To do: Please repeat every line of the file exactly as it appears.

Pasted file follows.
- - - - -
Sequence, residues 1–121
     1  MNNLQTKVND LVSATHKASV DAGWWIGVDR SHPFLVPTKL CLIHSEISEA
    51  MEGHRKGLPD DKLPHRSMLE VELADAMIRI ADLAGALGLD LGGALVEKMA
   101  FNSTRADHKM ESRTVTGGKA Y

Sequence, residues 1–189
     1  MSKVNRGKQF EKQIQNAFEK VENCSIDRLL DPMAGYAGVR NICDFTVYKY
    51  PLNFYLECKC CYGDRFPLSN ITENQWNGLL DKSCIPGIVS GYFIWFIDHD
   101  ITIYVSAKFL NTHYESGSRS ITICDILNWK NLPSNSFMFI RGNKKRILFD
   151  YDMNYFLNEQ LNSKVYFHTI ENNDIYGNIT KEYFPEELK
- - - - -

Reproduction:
Sequence, residues 1–121
     1  MNNLQTKVND LVSATHKASV DAGWWIGVDR SHPFLVPTKL CLIHSEISEA
    51  MEGHRKGLPD DKLPHRSMLE VELADAMIRI ADLAGALGLD LGGALVEKMA
   101  FNSTRADHKM ESRTVTGGKA Y

Sequence, residues 1–189
     1  MSKVNRGKQF EKQIQNAFEK VENCSIDRLL DPMAGYAGVR NICDFTVYKY
    51  PLNFYLECKC CYGDRFPLSN ITENQWNGLL DKSCIPGIVS GYFIWFIDHD
   101  ITIYVSAKFL NTHYESGSRS ITICDILNWK NLPSNSFMFI RGNKKRILFD
   151  YDMNYFLNEQ LNSKVYFHTI ENNDIYGNIT KEYFPEELK